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Scenes from the Semantic Web Conference


By Eric K. Neumann

Dec. 2006 / Jan. 2007 | The fifth annual International Semantic Web Conference (ISWC) held in November*  attracted more than 500 conferees from 38 countries. What could have been a fairly dry event offered a diverse range of topics, from semantic blogs (semiBlog),  to an ontological metadata framework for a baseball Q&A system.

Workshops were held on many topical areas, including business applications, ontology mixing, authoring and annotation, user interfaces, geospatial tools, knowledge-bases, social collaboration, semantic sensor networks, reasoning with uncertainty, Web content mining and tagging, and specifically healthcare and life sciences (HCLS).

By all appearances, HCLS interested those Semantic Web researchers outside of the HCLS community as much as it insiders. This one-day track included a dozen presentations as well as a lightning round of shorter talks. Impressively, most of the presenters were of excellent quality and maturity.

One presentation stood out on the AlzPharm project - a collaboration between the SenseLab and SWAN projects, from researchers at Yale, Harvard, and the Alzforum. AlzPharm uses a "light-weight" RDF warehouse approach to combining drug-related data and publications information on Alzheimer's disease. The goal is to use rich semantics and the ability to query across many forms of data to support Alzheimer's research. The community has already shown how different Semantic Web  efforts can be "linked" together with minimal effort.

The CDC presented intriguing work on EpiSPIDER, a new Web application that uses RDF and RSS for aggregating global surveillance information on epidemics and world health problems. Information is dynamically collected from news feeds as well as the ProMED reports created by the International Society for Infectious Diseases. Text from these sources are mined, associated with UMLS disease concepts, and converted into RDF. The information is then associated by events and countries (using a Google-map interface) to alert health researchers around the world. Interestingly, this technology may have broad utility for drug safety surveillance as well.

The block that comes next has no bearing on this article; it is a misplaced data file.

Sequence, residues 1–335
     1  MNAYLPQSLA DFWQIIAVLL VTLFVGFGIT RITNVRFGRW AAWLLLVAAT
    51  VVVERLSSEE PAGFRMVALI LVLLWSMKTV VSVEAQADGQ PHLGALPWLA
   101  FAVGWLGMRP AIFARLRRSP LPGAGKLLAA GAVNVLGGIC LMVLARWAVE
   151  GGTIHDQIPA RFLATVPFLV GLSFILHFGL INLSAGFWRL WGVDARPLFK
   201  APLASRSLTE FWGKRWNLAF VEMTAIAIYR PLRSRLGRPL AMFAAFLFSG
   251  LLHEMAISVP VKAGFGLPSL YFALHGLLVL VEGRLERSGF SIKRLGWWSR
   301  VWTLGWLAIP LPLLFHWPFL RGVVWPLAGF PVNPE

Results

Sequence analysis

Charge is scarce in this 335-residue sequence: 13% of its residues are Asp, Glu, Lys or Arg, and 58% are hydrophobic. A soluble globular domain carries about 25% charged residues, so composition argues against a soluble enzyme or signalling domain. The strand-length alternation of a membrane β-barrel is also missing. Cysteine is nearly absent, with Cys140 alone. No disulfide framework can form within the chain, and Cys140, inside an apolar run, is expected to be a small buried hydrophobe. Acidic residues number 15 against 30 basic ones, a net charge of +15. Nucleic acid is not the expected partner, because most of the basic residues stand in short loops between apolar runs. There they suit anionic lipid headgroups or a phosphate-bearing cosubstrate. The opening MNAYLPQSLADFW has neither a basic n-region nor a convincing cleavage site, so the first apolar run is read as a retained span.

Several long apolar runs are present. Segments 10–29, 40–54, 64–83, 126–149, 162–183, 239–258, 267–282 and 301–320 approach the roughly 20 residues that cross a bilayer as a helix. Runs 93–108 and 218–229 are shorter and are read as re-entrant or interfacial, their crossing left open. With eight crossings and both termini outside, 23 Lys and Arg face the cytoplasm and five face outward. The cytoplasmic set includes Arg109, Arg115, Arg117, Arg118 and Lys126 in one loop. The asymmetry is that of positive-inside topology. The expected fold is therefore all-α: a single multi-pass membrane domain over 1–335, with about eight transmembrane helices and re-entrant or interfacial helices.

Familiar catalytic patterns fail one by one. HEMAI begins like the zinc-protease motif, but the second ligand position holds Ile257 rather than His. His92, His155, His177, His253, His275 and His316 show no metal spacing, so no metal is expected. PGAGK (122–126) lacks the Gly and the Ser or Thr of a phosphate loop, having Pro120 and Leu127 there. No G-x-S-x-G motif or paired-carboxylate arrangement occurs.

There was also an intriguing project to build a Patient Summary System for the European Union that would semantically encode patient allergies and conditions, making it available in multiple languages. Medical personnel could use it to find relevant emergency information for a person involved in an accident within seconds anywhere in the EU. Coordination in ambulatory and hospital treatments, especially if performed by different medical systems, is non trivial and offers a real practical and critical case for the Semantic Web.

Other projects presented included: conversion of Entrez Gene into RDF; a community bio-service catalogue using ontologies; RDF-based chemical fragment taxonomies for AIDS research; use of ranking and inferencing to discover relations between aggregated data from diseases, genomics, pathways, and therapies; and enabling semantic reasoning in Health Level 7 clinical documents.

A Vision for the Future
The three ISWC keynote speakers painted a vision for the Semantic Web. Tom Gruber offered his view of where the Social Web meets the Semantic Web, going beyond Web 2.0's tag limitation by associating them to ontologies. His current Web project, RealTravel.com, aspires to be the best place on the Web to share knowledge and experiences about travel. As he put it, "Many say that Web 2.0 is different than the Semantic Web. This is nonsense, and it is time to embrace a unified view. I subscribe to the vision of the Semantic Web as a substrate for collective intelligence."

Indeed, this notion of collective intelligence was a recurring thread throughout the meeting. Jane Fountain's keynote discussing how the Semantic Web can help establish and manage networked governance had implications on its applications in the public and government circles.

This year's ISWC event made clear that the Semantic Web is moving from a theoretic phase to an early implementation phase, where more applications are being developed, even from mainstream vendors. The activities in both healthcare and the life sciences are clearly on the rise as well, and many of these demonstrations are already Web-based. It will be interesting to see if some of these systems become connected to each other in the near future. Next year, there is every reason to assume ISWC attendance will continue to expand, and include more participants from different domains and industries.

Eric K. Neumann can be reached at: eneumann@teranode.com.

* International Semantic Web Conference: November 5-9, University of Georgia.

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